Influenza viruses rapidly accumulate mutations in antibody (Ab) binding sites within the hemagglutinin (HA) and neuraminidase (NA) proteins, a process termed 'antigenic drift'. Due to antigenic drift, humans are typically re-infected with distinct influenza strains. Although most humans are sequentially infected with different influenza strains over the course of their life, annual vaccine strains are chosen based on serological studies utilizing anti-sera prepared in ferrets recovering from a primary influenza infection. Accurate selections of vaccine strains are therefore based on the assumption that reference sera created in ferrets are representative of immunity found in the human population. Our preliminary data strongly suggest that influenza Ab specificities in humans are strongly influenced by previous influenza infections. This proposal will test the hypothesis that human influenza viruses evolve in response to Ab repertoires elicited by sequential influenza exposures, and that anti-sera prepared in ferrets fail to detect genuine antigenic changes that prevent binding of human Abs.
In AIM 1 we will determine if recent pandemic H1N1 viruses have evolved to prevent binding of Abs elicited by sequential H1N1 exposures. For these studies, we will test if sera isolated from sequentially exposed ferrets and humans bind to pandemic H1N1 viruses engineered to possess new HA mutations that are now present in most circulating pandemic H1N1 strains.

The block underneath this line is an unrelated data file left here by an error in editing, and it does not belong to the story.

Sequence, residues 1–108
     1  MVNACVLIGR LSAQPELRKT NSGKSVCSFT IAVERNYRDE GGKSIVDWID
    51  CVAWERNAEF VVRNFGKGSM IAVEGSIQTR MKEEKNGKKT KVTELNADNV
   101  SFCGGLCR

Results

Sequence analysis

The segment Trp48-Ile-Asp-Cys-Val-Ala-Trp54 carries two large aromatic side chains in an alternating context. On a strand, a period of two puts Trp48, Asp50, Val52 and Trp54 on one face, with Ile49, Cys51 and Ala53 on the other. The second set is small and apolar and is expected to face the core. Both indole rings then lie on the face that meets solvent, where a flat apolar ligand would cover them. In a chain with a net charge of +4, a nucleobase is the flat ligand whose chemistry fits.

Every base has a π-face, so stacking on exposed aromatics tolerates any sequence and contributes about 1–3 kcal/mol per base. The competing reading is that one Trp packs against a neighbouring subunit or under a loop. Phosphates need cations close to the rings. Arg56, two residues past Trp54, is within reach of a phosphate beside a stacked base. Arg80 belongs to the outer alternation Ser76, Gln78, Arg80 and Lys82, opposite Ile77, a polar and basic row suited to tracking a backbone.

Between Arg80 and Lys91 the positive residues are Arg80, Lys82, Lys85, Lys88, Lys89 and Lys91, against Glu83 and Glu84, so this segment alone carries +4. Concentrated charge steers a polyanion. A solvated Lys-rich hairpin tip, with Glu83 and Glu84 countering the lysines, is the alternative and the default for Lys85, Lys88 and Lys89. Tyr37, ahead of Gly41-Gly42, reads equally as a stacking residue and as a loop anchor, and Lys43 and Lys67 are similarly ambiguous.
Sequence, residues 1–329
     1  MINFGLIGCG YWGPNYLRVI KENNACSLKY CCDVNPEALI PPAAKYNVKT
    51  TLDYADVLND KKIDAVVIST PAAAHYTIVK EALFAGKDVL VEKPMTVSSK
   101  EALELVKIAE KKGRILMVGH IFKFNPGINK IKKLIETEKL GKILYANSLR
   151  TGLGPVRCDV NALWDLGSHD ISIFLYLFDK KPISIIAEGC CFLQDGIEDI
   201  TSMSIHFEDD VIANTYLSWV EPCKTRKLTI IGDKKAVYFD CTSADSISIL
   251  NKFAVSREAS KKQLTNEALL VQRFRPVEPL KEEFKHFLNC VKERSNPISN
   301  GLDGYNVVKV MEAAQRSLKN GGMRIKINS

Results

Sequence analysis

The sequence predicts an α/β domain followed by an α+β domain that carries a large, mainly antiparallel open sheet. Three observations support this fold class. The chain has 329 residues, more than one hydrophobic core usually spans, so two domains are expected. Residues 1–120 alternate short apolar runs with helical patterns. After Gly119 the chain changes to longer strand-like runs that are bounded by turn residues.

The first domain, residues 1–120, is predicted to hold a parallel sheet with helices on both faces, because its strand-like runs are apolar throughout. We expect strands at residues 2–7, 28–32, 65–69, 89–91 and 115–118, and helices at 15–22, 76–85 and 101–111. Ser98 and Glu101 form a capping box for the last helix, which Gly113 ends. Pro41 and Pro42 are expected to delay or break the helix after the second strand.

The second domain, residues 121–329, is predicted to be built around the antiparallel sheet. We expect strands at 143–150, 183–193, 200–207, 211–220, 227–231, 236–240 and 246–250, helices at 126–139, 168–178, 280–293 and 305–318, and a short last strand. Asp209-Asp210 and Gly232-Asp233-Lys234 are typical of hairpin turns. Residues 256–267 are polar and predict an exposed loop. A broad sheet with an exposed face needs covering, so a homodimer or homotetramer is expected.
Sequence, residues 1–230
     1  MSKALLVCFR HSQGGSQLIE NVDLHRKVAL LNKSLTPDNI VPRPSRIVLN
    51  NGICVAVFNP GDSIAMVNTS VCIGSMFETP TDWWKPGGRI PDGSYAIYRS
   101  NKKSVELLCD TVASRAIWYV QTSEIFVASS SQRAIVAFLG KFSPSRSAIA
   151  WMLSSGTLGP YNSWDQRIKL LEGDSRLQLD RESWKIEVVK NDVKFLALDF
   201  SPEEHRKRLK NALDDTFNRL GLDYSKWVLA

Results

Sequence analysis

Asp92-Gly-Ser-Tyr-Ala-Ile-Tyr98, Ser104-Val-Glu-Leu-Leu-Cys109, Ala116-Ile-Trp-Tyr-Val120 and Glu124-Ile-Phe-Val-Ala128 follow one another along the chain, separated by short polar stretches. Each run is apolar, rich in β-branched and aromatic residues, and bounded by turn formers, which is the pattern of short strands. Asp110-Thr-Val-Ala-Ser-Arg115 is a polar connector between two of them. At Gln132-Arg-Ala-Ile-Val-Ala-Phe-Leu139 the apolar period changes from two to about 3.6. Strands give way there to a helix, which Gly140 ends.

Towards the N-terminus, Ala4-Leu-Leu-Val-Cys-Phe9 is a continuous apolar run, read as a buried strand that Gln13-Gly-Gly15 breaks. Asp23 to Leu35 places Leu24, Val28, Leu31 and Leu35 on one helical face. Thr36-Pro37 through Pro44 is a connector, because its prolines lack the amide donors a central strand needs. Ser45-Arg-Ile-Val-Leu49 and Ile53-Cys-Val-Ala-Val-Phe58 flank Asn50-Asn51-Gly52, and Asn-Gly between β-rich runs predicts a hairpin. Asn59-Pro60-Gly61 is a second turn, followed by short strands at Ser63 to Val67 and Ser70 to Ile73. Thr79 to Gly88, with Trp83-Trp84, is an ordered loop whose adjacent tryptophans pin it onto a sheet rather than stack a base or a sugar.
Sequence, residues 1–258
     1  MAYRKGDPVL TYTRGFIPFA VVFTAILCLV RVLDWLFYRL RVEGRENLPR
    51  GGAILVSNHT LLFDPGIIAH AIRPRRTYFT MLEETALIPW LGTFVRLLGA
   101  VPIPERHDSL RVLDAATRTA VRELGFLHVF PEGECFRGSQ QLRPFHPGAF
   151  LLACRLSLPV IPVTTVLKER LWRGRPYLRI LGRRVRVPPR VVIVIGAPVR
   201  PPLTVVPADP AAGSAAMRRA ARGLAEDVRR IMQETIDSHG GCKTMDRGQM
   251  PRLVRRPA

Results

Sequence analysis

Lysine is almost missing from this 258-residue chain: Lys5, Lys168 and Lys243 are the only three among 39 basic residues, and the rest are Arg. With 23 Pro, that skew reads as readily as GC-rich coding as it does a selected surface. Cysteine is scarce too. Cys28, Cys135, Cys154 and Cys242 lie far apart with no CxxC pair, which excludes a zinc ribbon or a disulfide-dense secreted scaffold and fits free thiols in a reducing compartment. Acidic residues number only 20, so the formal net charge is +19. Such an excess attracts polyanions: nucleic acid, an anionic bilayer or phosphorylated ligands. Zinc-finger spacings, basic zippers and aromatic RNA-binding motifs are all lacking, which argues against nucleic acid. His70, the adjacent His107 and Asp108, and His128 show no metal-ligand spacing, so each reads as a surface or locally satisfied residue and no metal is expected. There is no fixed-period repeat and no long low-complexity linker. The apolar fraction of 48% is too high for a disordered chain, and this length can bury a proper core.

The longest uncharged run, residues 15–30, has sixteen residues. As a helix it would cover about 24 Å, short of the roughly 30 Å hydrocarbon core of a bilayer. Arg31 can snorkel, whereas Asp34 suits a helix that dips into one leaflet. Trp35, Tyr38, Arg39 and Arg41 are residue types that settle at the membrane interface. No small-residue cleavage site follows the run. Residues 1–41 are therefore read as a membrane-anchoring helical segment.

In AIM 2, we will determine how pre-exposure history influences Ab responses against H3N2 viruses. H3N2 viruses have circulated in the human population for 45 years, and the genetic and antigenic evolution of these viruses is well studied. We will sequentially infect mice and ferrets with different H3N2 strains and determine if Abs elicited in these animals recognize H3N2 viruses engineered to possess mutations that have arisen in distinct antigenic sites over the last 45 years. Finally, in AIM 3 we will determine how different pre-exposures affect vaccine responsiveness in infants. We will measure Ab specificities in sera from infants receiving 2 influenza vaccines from the same season (prime- boost with same antigen) and infants receiving 2 antigenically distinct influenza vaccines from different seasons (prime-boost with different antigenically distinct antigens). Together, these studies will further our understanding of the immunological pressures that promote antigenic drift of influenza viruses. These studies will shed light on why influenza vaccines elicit ineffectve responses in different individuals and will also improve the process by which vaccine strains are chosen.
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